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Author Topic: Skeletal Mesh problem  (Read 29056 times)
Praedor
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Re: Skeletal Mesh problem
« Reply #15 on: May 24, 2013, 13:40 »

I refer in this case to the full mesh object named HMF_ARM_ASHa_MDL, the actual name of the mesh object and called "skeletalmesh" only and not one of those items called "skeletalmeshobject" in the me3exp window. I assume the large object w the entire   m#sh name is the ultimate mesh escription?
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Alcatraz
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Re: Skeletal Mesh problem
« Reply #16 on: May 24, 2013, 15:16 »

So the psk's exported from Blender are different from psk's exported from 3DS max?
That's strange, maybe someone could export the same model from both programs and upload psk's here so I can compare them?
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Praedor
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Re: Skeletal Mesh problem
« Reply #17 on: May 24, 2013, 17:11 »

It is sad but true.  The psk support in Blender is weaker than the support in 3ds  Embarrassed and (supposedly and HOPEFULLY) is a work in progress. 

My puzzle at the moment is this:

I take a pcc from the game ME3.  I decompress the pcc and then make a copy of it.  With the copy, I pull out a psk of a character mesh and edit it in 3ds or Blender or Milkshape by merely grabbing ONE vertex and pulling it out to form a prominent spike on the character mesh.  I then import that mesh back into the copy of the pcc and do a bit-by-bit comparison in a hex editor.  I fully expected to find differences due to variations in how 3ds or Blender produce a psk vs what Bioware created.  Fine.  But I also FULLY expect to find differences in the actual skeletal mesh component itself, the code in the pcc that specifies the mesh (supposedly) as a result of one vertex being moved.  Thing is, when I do a bit-by-bit compare THERE'S NO DIFFERENCE BETWEEN THE ORIGINAL UNTOUCHED MESH AND THE EDITED IMPORT MESH.  But if I use the copy pcc in the game the spike is clearly there.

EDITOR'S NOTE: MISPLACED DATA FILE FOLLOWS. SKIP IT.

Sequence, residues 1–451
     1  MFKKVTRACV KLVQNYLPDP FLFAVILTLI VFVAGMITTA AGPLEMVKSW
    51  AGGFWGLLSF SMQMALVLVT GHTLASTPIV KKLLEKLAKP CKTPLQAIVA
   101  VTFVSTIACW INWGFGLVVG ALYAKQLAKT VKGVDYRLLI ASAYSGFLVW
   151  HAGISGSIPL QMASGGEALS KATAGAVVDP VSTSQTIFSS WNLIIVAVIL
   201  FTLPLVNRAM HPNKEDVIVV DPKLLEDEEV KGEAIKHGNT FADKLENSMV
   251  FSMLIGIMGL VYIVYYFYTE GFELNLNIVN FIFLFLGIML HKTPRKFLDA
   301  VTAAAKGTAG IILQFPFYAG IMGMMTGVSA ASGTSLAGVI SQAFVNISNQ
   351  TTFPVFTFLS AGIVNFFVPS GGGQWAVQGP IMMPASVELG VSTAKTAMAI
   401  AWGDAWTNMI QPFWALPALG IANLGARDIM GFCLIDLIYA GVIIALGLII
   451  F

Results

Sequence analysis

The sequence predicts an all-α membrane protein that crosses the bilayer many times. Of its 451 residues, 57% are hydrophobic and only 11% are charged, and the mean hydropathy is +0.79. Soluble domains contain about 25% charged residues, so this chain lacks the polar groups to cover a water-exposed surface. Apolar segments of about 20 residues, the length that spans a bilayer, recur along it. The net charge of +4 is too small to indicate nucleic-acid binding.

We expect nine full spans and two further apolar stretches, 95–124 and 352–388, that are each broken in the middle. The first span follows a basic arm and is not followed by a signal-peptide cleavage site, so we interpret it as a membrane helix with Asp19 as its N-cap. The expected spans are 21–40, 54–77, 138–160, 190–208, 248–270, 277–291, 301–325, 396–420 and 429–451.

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Praedor
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Re: Skeletal Mesh problem
« Reply #18 on: May 24, 2013, 17:51 »

Here's an illustration of what is a mystery to me:

I've taken BioH_Ashley_00_NC.pcc, a file that contains Ashley's default uniform, head, hair and is used at the very beginning of the game when she first makes an appearance and open it in ME3explorer -> Meshplorer:



You see her mesh is normal.  I export it as a psk and edit it in 3ds Max 2010 to produce a single spike on her right shoulder and then import that psk back into the file:



The spike is clearly visible and shows up in the game (with incorrect mesh lighting).

I then opened up the original pcc (unchanged but decompressed) in PCC editor 2.0 to locate THE skeletal mesh portion of the pcc:



I opened up both the original, unchanged pcc and the new pcc with the mesh with a spike, in a hex editor and did a comparison of the same portion (the actual skeletal mesh):



There is NO difference whatsoever between the two files, yet one contains a mesh with a spike and the other is unchanged.  WHY?!  HOW?! Huh?

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Praedor
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Re: Skeletal Mesh problem
« Reply #19 on: May 24, 2013, 18:32 »